RANGERS did not record a loss, a statement you can't bank on hearing too often these days.
In an age where share issues, stock market announcements, financial securities, CVAs and AGMs sweep the small matter of sporting prosperity to the side like an irrelevant final reminder, the cost of achieving such extravagant footballing success at a club where financial prudence is the priority is still being counted by Ally McCoist. The Rangers manager's account of the last 10 months need not be lengthy in order to accentuate how difficult a task it has been over another arduous season, the husky tone of his voice told of a man exhausted at a job, in his eyes at least, well done.
For all its successes, and there have been many along the way, this season has been one of the most trying of McCoist's long career in the game. Despite the SPFL League 1 title being sewn up almost eight weeks ago and the unbeaten league campaign which was delivered with a stuttering draw with Dunfermline Athletic on Saturday, the desire of many around Ibrox to stroll to the title with a swagger has at times left those on the pitch flat-footed and overawed by the prospect.
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The constant circus surrounding the club's money matters has also proved to be a major distraction for the manager, with yet another fan protest being displayed in the form of red cards at East End Park on the day that details of the 100% bonus to Graham Wallace, the Rangers chief executive, became clear. It is little wonder McCoist is longing for a summer of contentment, albeit a short one.
"I don't think I've ever looked forward to a break following a campaign as much before in my life. I really mean it," he said. "This campaign has had highs and lows, but it has been mentally tough. On everybody, not just me but on the staff and players. This is the first time I've ever really felt as if I could do with a break. So I'll get the fishing rod out and get away with the kids.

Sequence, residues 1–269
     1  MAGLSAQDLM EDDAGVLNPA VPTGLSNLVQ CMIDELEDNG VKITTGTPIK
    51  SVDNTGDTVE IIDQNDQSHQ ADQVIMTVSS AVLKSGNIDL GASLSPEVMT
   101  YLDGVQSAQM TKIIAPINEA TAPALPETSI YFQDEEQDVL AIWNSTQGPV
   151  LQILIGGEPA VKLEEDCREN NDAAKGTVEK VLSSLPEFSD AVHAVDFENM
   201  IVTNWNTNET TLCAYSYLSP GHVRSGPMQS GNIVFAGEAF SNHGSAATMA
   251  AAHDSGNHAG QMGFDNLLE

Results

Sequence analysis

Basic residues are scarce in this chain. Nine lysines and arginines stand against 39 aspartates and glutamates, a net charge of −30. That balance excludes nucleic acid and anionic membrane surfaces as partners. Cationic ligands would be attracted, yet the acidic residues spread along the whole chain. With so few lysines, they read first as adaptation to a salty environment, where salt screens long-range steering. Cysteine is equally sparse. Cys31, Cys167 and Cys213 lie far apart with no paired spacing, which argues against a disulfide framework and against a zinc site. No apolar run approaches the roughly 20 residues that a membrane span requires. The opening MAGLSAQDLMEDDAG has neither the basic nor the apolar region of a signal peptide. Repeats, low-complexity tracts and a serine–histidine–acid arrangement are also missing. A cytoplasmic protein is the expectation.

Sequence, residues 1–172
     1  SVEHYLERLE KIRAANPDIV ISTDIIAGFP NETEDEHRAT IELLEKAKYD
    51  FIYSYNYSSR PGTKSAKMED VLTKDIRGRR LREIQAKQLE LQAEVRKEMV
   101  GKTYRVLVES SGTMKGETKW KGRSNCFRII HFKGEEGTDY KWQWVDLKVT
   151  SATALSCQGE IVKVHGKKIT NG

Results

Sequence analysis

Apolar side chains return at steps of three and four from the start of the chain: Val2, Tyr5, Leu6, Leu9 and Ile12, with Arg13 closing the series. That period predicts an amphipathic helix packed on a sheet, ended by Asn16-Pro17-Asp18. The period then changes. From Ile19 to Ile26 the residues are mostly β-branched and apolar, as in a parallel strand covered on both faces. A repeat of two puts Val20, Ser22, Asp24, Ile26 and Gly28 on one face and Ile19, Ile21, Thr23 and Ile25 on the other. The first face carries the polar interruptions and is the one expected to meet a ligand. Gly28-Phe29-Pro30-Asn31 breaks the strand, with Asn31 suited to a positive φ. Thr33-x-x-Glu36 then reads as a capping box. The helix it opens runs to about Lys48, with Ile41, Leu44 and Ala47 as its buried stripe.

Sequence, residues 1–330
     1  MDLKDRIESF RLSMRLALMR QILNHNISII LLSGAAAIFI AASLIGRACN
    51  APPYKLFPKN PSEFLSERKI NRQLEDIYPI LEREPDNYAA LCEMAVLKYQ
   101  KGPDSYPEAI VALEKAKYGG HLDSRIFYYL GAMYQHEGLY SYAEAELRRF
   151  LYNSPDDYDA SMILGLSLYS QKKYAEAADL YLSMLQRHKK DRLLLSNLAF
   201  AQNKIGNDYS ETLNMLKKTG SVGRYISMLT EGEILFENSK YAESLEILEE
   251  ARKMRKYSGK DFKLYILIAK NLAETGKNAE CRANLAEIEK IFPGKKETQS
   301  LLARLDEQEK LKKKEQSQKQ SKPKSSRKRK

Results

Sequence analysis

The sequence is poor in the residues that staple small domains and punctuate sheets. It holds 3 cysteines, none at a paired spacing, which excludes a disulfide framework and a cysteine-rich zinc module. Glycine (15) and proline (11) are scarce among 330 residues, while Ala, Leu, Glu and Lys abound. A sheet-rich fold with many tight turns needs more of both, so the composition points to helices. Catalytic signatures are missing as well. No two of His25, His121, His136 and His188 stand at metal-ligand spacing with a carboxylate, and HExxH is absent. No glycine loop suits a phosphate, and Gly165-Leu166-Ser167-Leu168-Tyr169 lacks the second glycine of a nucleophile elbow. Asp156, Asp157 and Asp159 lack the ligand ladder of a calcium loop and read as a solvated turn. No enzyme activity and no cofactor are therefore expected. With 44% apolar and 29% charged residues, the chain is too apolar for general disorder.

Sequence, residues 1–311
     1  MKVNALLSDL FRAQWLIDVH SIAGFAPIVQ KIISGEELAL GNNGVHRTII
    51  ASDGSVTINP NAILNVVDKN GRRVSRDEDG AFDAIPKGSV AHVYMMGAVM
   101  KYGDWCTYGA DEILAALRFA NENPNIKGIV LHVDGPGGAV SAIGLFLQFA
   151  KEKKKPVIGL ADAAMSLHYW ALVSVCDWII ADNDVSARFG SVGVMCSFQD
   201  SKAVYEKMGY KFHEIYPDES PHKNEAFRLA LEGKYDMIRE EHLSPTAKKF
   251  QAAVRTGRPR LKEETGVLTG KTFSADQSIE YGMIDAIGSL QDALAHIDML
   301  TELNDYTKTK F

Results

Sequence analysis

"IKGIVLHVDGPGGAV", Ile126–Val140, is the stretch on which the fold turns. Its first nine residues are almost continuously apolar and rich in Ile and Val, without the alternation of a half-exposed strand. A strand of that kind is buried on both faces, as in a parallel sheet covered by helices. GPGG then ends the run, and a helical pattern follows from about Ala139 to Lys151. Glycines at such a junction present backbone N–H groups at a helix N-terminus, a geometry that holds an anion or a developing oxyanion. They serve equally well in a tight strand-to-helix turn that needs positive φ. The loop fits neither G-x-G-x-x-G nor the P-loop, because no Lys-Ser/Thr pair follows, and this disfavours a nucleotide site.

"I didn't expect it. I didn't think it would be as mentally tough, which is perhaps a bit of a bizarre thing to say when you think we won the league eight weeks ago. But a lot of the off the field stuff has a mental affect on you and even though you can't get involved in it, you say you won't get involved in it and both parties don't want you to get involved in it, it's mentally tiring."
When historians of the game in years to come look back on Rangers' League 1 campaign, little if any attention will be paid to the match which confirmed their undefeated league run given that the destiny of both teams - the home side had secured a play-off place already - had been decided. But for a matter of record, it is worth noting how ineffectual McCoist's players were against a radically-changed Dunfermline team. Dean Shiels' goal was one of the few moments where Rangers actually registered a shot on target, while a lack of width nullified any threat in the middle from Jon Daly, a man who has banged in 25 goals over the course of the season.
The intoxicating lust for success around Ibrox was summed up by the Irishman, who admitted the players were "obviously disappointed" to have dropped just six points over the course of the campaign. It is a measure of the challenge McCoist faces that he must maintain ridiculously high levels of success on a comparatively low budget to what his predecessors had at their disposal.
The potentially easy ride Rangers have enjoyed over the last two years will most definitely hit a speed bump next season as their arrival in the Championship will surely bring about a sterner test of their mettle and capabilities. Yet Daly is comfortable with the challenges ahead.
"It'll be a very competitive league," he said. "There's a chance of another Premiership team coming down. We're going to have to be on our game every week. We've dropped six points this season and we're obviously disappointed with that so that's football, you want more from every game from every season.
"I've played a lot of games and I'm looking forward to a break. It's physically and mentally tough, probably more so mentally, but that's something the new boys have got used to."
For Dunfermline, the prospect of joining Rangers in the Championship next season via the play-offs is not a proposition which is daunting to them given what has gone before. The Fife club were relegated last season after a play-off final defeat by Alloa Athletic, and Stephen Husband, the Fife side's midfielder, believes that Jim Jefferies' squad are better for the experience.
"We won the semi-final but lost the final. We know what to expect," said the former Blackpool player, who will lead Dunfermline into the first leg of a play-off semi-final with Stranraer on Wednesday. "If we can compete with a team like Rangers, I'm more than confident we can handle it in the Championship."